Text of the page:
Can the Positional Release Technique Affect Central Sensitization in Patients With Chronic Tension-Type Headache? A Randomized Clinical Trial

Marzieh Mohamadi, Zahra Rojhani-Shirazi, Reza Assadsangabi, Abbas Rahimi-Jaberi

Research output: Contribution to journalArticle

Abstract

Objectives: To investigate whether the positional release technique (PRT) affects central sensitization in patients with chronic tension-type headache (TTH). Design: Randomized controlled trial with concealed allocation, assessor blinding, and intention-to-treat analysis. Setting: Two university neurology clinics. Participants: Patients (N=32) with TTH and myofascial trigger points (MTrP) in their cervical muscles. Interventions: Patients in the PRT group received 10 treatment sessions for each of their MTrPs over the course of 5 weeks. All participants could use ibuprofen 200 mg for their headaches during the study. Main Outcome Measures: The primary outcome measure was brain metabolite profile. The secondary outcome measures were headache frequency and intensity, McGill score, and pressure pain threshold (PPT), which were evaluated in each participant during 5 weeks with proton magnetic resonance spectroscopy, patients’ self-reports, the McGill Pain Questionnaire, and a pressure algometer. Results: Analysis of the data from 26 patients showed that headache frequency (P=.001), headache intensity (P=.002), McGill score (P=.003), and local PPT (P=.003) changed significantly after PRT. The myo-inositol/creatine concentration ratio in the somatosensory cortex (P=.041) decreased significantly in the control group. Furthermore, there were significant differences between groups in headache frequency (P<.001), headache intensity (P<.001), McGill score (P<.001), local PPT (P=.004), distal PPT (P=.041), and glutamate–glutamine/creatine concentration ratio in the thalamus (P=.014). Conclusions: These findings indicate that PRT did not affect central sensitization in patients with TTH despite the improvement in clinical symptoms.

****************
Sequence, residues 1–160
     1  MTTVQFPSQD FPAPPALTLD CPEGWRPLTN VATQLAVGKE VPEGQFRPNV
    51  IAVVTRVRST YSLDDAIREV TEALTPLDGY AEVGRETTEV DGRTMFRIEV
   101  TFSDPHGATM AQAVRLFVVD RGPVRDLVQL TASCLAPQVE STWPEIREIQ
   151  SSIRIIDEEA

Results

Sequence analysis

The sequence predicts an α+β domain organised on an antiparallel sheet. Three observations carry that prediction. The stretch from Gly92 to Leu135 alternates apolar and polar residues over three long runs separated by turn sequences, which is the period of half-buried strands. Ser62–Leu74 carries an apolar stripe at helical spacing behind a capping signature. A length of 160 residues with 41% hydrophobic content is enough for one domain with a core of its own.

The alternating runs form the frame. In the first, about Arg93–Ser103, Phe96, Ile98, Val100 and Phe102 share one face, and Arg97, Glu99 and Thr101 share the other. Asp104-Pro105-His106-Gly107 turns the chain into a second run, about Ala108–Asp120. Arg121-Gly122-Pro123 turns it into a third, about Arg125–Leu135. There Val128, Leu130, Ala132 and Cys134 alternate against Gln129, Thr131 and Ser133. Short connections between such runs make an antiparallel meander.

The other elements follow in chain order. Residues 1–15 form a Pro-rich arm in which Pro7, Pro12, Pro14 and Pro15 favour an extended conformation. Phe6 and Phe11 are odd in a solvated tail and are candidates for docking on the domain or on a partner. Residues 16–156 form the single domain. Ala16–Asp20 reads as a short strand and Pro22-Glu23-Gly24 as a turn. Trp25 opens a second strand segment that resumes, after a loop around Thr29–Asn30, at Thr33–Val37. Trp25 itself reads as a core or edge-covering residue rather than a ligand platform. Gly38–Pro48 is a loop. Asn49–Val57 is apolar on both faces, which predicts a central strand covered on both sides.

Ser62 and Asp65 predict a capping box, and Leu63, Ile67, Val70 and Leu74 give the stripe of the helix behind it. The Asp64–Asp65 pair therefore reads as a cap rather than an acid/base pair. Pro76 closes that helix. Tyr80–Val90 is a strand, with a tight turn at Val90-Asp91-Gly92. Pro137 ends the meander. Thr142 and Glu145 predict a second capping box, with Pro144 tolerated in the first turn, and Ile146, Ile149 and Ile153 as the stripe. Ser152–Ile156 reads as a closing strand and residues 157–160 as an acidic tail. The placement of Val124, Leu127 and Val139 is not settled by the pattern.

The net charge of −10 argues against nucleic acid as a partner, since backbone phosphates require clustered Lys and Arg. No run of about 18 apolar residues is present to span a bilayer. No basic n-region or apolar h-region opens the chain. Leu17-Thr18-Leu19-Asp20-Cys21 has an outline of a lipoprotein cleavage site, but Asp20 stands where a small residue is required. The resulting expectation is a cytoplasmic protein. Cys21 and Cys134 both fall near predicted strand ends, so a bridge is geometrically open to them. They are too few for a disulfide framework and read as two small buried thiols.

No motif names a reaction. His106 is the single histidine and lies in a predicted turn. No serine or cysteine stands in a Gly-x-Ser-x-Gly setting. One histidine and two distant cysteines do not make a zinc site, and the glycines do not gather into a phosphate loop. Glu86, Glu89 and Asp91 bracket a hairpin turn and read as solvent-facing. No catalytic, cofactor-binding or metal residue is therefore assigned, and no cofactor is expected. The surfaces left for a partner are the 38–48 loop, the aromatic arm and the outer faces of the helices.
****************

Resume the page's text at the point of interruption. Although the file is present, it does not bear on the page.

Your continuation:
Original languageEnglish (US)
JournalArchives of Physical Medicine and Rehabilitation
DOIs
StateAccepted/In press - 2020

Keywords

  • Brain
  • Central nervous system sensitization
  • Chronic pain
  • Hyperalgesia
  • Rehabilitation

ASJC Scopus subject areas

  • Physical Therapy, Sports Therapy and Rehabilitation
  • Rehabilitation

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